I was born Evelyn Claire Douglas on June 8th, 1829 to a Scottish immigrant to the United States named Alfred Douglas and his wife, the former Elizabeth Anne Montgomery, a beauty of the highest degree and a second generation “American” from Pennsylvania. Their marriage, arranged as all proper upper middle class marriages were, was less than happy. My father, a merchant by trade, had made quite a living for himself in cotton manufacturing in the years after the war of 1812 after Frances Lowell had created America’s first power loom and harnessed the power of the Charles River using the Waltham method of mass production manufacturing. It was rumored that my father had decided at the age of 46 that it was time to take a wife and so had essentially bought my mother for a rather fantastic sum of money from her parents who were heavily in debt over their magnificent Philadelphia estate as a result of the Panic of 1819. After removing her to his home in Massachusetts, he went about creating an heir for his little textile empire, a pursuit I hear that he performed with great gusto. I was the result.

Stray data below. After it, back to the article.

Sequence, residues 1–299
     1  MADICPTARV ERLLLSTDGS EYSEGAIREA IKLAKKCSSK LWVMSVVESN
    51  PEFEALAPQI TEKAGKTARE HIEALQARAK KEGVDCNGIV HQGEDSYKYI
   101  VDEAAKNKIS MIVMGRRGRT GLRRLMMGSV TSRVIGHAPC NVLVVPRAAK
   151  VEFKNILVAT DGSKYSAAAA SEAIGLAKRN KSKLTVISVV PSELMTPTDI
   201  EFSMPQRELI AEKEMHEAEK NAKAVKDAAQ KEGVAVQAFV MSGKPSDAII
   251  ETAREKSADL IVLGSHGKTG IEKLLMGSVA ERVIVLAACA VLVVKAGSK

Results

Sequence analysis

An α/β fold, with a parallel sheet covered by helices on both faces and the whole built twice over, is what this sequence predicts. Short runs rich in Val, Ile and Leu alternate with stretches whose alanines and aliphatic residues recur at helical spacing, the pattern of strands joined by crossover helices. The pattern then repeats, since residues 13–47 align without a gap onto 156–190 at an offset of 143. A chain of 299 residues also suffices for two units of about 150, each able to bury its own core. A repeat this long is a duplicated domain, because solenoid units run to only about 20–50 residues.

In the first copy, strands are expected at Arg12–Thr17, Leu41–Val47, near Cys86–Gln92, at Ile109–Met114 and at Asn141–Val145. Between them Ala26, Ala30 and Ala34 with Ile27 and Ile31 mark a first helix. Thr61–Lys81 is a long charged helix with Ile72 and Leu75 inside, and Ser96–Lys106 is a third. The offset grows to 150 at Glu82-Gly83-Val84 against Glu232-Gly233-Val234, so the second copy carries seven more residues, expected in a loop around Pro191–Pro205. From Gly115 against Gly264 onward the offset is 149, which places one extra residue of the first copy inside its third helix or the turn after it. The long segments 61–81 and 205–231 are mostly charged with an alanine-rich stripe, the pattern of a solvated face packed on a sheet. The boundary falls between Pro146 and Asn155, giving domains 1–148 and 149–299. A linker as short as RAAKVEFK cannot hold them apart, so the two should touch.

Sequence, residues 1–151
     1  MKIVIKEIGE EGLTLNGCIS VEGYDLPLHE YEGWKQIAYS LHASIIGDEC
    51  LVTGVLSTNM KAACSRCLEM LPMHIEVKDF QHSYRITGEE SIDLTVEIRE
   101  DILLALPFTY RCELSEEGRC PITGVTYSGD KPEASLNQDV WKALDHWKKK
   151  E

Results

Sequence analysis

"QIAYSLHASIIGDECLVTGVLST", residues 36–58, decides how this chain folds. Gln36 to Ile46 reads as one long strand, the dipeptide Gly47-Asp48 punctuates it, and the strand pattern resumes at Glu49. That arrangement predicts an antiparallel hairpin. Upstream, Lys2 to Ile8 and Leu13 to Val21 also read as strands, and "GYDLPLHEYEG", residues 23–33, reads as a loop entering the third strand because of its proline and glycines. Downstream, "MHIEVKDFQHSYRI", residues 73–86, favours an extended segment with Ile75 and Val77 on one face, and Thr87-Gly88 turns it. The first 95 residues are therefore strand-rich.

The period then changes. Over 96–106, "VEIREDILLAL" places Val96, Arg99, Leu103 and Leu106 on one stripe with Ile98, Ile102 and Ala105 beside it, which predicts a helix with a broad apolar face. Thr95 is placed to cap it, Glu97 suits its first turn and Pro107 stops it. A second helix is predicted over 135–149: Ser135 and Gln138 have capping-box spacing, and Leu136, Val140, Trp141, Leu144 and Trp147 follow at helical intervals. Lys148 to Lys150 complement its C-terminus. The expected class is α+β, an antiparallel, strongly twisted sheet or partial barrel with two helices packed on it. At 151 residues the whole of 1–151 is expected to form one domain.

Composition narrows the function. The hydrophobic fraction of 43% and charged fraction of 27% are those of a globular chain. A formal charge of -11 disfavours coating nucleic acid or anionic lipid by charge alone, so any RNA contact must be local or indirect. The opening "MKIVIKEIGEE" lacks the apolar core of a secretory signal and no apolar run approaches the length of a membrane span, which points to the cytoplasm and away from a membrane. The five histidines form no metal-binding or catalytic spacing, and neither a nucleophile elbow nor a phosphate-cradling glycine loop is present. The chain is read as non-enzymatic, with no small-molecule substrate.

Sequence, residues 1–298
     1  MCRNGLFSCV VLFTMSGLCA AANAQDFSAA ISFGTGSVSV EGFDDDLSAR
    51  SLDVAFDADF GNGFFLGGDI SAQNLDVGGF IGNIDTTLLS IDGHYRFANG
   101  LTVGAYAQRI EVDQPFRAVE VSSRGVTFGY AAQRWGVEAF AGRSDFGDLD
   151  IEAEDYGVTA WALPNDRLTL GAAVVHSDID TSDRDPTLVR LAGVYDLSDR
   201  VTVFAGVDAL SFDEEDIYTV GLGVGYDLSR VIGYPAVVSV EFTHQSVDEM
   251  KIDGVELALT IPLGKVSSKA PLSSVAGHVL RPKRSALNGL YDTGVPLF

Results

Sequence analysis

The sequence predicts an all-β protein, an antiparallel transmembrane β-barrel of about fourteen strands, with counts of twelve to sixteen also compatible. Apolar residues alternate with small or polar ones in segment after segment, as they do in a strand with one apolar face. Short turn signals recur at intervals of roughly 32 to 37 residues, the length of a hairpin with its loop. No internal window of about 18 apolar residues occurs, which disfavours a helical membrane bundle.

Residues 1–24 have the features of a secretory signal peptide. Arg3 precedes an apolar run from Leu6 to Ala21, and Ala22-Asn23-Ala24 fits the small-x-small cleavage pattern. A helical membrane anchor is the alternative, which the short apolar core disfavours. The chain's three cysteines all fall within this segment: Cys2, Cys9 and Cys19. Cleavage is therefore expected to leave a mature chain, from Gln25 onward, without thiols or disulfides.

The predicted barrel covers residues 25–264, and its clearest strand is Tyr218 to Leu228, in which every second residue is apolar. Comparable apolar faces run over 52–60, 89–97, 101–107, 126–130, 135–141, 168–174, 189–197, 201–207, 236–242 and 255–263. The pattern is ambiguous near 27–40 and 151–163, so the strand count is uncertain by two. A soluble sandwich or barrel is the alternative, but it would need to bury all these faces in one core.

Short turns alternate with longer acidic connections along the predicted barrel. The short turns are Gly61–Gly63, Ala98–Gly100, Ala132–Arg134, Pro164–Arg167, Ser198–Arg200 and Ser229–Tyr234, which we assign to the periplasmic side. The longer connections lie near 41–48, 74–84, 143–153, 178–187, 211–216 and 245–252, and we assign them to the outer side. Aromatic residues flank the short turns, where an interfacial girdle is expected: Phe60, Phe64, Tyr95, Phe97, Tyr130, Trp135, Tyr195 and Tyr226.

To say that my father was disappointed would be a gross understatement. As a female, my ability to inherit and run the family business would be severely hampered. For a brief time, my father put all of his heart into a second try for an heir, but I am told that any hope of further children was ruined by the fact that my mother would not allow him into her bed again after his third affair was made public to her. My parents were sublime Victorian actors, performing their social duties on the local stage for the world to see with great skill. Fetes and dinner parties and balls, all accomplished with the illusion of peace and harmony, if not love. Behind closed doors, however, my mother was ruled by grief and my father by his sexual conquests. Two separate rooms, two separate beds, two separate lives. I was caught between them.
My father was a rather large, outspoken man who continually extolled the virtues of the Scotsman to anyone who would listen to his thick, guttural brogue. Mostly bald and gray headed by the time I can consciously remember him, my father’s large nose and ruddy cheeks made him appear more jovial than he was in reality. He valued punctuality above all else, aside from the female form and a bottle of good Scotch.